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IBM and Node.js: Old Doge, 
New Tricks 
Dejan Glozic, Full-Stack Architect, IBM Bluemix DevOps
Show Us Your 
Stack
About Me 
IBM Canada Toronto Lab 
Full-Stack Architect 
IBM Bluemix DevOps 
@dglozic 
http://dejanglozic.com
What I Work On
Part 1 
Motivation for change
Enterprise products 
Yearly release cycle, moves at the speed of the slowest component.
Large teams 
Complex coordination, large change sets, difficult to get a good stable build.
Products run on premise 
Managed by customer admins, limited control over hardware choices.
Enterprise stacks 
Java Enterprise Something Something, WS*, Apache, SQL
Overindulgence in JavaScript 
‘Extreme Ajax’ - Dojo/Dijit pushed well beyond sane limits 
desktop != server != client
A Need for a Reset 
• Complexity and crud built up over time 
• Apollo 13: sooner or later you hit 12 amps 
• Solution: tu...
Motivators 
• New attractive stacks built for humans 
• The need to bring the fun back 
• The need to built ‘fit for cloud...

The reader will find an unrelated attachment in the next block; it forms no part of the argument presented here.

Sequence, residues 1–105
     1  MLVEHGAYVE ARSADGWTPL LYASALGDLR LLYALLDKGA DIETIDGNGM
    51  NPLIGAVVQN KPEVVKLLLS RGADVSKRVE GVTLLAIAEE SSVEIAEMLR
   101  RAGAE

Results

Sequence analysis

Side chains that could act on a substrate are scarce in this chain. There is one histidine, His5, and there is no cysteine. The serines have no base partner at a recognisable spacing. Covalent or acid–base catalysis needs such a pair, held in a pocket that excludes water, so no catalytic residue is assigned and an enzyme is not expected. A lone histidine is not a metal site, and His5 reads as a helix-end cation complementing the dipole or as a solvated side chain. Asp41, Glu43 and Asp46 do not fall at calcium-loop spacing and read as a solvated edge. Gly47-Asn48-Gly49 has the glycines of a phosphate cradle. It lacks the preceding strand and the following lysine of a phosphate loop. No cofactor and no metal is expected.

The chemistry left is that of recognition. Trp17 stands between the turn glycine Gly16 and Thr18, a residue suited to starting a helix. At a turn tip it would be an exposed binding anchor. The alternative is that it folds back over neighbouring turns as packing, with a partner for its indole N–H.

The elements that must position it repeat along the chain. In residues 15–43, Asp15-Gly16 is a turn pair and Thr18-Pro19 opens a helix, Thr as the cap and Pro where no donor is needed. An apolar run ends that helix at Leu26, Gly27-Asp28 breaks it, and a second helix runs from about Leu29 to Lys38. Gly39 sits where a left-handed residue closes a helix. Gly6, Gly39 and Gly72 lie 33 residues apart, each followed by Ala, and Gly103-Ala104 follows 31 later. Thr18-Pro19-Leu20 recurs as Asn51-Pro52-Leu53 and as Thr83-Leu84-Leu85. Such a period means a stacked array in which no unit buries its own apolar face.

Evolution of Thought 
• 12-factors 
• Netflix 
• Reactive Manifesto 
• Micro-services
Part 2 
From Dojo/Dijit to jQuery/Bootstrap/MV* 
JS
Client Side Reset 
Swapping Dojo/Dijit for jQuery/Bootstrap. No point arguing with gravity.
Bootstrap 
We love the emphasis on HTML5/CSS and away from JavaScript.
After jQuery? 
• Sometimes jQuery is too big 
• Alternatives for newer browsers: zepto, jqLite 
• Or nothing? http://youmi...
Part 3 
From Java to Node.js 
JS
Now The Server Side 
Nothing much wrong with servlets and JSPs, but we wanted more.
Sitting on the Node.js Fence 
• We watched cautious companies like 
Walmart and PayPal jump in. 
• After plugging the ‘Wal...
‘Control Your Urges’ Rule 
We will use a new technology to solve a real problem, not as an excuse to play 
with the new ho...
Our Case for Node.js 
• We wanted to build a UI for a delivery pipeline 
• The pipeline had a number of moving parts 
• We...
Unlocking New Opportunities 
• With Node.js, we could run JavaScript templating engine for the V of 
MVC 
• We chose Dust....
Part 4 
From a monolith to micro-services
Tackling the Hard Problems